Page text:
REMEMBER LAST YEAR?
That was then.
The latest LAKE ONTARIO WATER LEVEL FORECAST now predicts relatively low water throughout the summer.
Which is to say, at least a foot lower than last summer through the end of July.
Overall the bad news persists: the big lakes upstream -- Lakes Huron and Superior -- are still far below long-term averages.
SURPRISE! You would think that a winter with negligible snow accumulation would have negative impacts for Lake Ontario Water Levels come springtime.
The latest LAKE ONTARIO WATER LEVEL FORECAST predicts higher than normal water levels into the summer.
This makes little sense because the big lakes upstream are still well below long-term averages.
WHAT GOES UP, it is said, must come down.
The latest LAKE ONTARIO WATER LEVEL FORECAST shows the extent to which Lake Ontrio levels have dropped since late spring.
Right now we are about the long term average.
As for the big lakes upstream, they are still well below long-term averages, but higher than predited earlier this year.
ANTEDILUVIAN FORECASTS laid waste.
Right now we are about 8 inches higher, just above long-term average, and the outlook for the first half of the summer looks about 4 inches higher than forecast six weeks ago. That's great news.
As for the big lakes upstream, no tangible change in their forecast levels; still well below long-term averages.
As you might expect given recent rains, LAKE ONTARIO WATER LEVELS are up sharply.
The latest WATER LEVEL REPORT now shows insight into what to expect throughout the Summer: slightly higher levels than last year, and slightly higher than last December's forecast, but still about 5" below long-term averages.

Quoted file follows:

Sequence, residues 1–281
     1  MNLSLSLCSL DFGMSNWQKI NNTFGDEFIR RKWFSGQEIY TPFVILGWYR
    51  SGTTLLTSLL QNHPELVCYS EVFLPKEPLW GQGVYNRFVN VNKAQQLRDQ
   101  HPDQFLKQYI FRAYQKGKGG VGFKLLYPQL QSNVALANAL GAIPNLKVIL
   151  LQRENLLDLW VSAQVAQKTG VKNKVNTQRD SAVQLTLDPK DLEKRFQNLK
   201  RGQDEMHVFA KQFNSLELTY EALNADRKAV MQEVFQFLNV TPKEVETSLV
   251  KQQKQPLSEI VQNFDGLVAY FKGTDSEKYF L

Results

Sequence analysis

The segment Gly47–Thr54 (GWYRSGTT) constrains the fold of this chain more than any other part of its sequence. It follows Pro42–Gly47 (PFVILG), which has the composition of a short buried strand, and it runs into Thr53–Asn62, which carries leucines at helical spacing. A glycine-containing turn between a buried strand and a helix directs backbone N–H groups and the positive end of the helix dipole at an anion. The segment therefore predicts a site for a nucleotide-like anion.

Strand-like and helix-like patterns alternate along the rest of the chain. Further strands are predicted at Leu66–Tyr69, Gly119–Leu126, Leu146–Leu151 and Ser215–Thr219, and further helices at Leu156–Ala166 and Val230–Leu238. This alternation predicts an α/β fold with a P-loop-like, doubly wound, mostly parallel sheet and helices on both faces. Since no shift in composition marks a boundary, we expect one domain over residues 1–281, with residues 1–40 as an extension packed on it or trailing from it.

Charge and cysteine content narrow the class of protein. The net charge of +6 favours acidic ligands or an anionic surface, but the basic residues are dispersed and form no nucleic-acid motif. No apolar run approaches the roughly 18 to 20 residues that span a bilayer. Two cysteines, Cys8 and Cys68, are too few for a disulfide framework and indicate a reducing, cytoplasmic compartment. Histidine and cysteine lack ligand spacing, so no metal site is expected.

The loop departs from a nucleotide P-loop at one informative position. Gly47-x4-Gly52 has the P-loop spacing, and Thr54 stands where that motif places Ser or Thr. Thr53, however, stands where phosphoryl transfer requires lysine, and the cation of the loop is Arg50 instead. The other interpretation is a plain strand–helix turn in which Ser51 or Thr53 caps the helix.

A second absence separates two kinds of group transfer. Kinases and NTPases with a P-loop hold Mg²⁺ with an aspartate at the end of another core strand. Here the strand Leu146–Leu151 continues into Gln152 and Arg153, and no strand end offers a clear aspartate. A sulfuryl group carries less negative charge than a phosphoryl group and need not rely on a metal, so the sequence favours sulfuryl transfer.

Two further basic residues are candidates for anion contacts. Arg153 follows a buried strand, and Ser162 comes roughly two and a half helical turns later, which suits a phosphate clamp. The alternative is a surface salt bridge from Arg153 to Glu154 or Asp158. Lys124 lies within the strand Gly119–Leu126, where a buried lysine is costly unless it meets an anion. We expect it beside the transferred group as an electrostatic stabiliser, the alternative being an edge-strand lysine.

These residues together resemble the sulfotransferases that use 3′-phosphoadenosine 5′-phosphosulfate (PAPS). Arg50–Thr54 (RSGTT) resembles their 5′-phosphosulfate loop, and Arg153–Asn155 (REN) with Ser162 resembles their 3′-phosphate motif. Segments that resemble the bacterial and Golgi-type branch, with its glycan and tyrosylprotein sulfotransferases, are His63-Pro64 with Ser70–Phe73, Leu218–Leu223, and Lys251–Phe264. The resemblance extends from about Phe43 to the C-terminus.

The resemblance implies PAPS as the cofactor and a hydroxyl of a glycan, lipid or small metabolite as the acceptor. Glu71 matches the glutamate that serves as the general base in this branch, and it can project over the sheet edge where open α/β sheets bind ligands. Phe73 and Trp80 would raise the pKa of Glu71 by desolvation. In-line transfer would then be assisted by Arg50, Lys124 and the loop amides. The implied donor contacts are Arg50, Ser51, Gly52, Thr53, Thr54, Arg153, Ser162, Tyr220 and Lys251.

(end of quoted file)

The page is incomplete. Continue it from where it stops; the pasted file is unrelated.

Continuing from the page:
As for the big lakes upstream, their forecasts have been revised downward since we last looked; so bleaker.
The latest WATER LEVEL REPORT gives insight into what to expect come Spring.
Looks like, for the second year in a row, we'll be facing low water levels again.
But what's worse is the forecast for the big lakes upstream; that's not good at all.
The latest WATER LEVEL REPORT from the US Army Corps of Engineers is up..
Levels are much better; we're at the the long-term average, still about 5" below last year at this time.
REVISED DOWNWARD for May and June. Ouch!
STILL BLEAK is the spring water level forecast.
THE FORECAST for spring water levels remains bleak.
LAKE ONTARIO WATER LEVELS are currently above average, almost exactly where they were last year at this time.
The good news is the big-lakes upstream are replenishing. You may recall that upper-lake levels were bleak back in 2007. Lake Superior was about 18" below average in August 2007 and Lakes Michigan and Lake Huron were about 23" below average in December 2007.
Lake Superior has been, for most of the summer, above last-year's levels, generally about 5 to 7" below its long-term average levels. Lakes Michigan and Huron are a full 5 to 10" above last summer's levels, and currently within 6" of long-term averages.
More history in the K7 Water Levels topic.
LAKE ONTARIO SPRING WATER LEVELS are looking good after a winter with lots of precipitation in the Great Lakes Basin.
That's good because last November's forecast was bleak. The latest forecasts are a full-foot above that.
If water levels matter to you, don't miss the International St. Lawrence River Board of Control public teleconference tomorrow (Tuesday) between 7:00-8:30 pm.
HOPE FOR A BRUTAL WINTER because, if current forecasts hold, we may be facing low water in the spring, about a foot lower than in recent years.
Moreover the water-level news from the big-lakes upstream isn't great. Throughout most of 2008 water levels on Lake Superior were rebounding towards normal. Now that gap appears to be widening again.
Downstream from Lake Superior, Lakes Michigan and Huron are still a full 15-inches below normal levels.
WATER LEVELS ARE STILL ABOVE AVERAGE, about a foot above last year at this time, after peaking impressively in mid-May.
AT THE KINGSTON PUBLIC HEARING of the International Board of Control, which was held Tuesday evening at City Hall, speakers expressed overwhelming support in favour of Plan B+.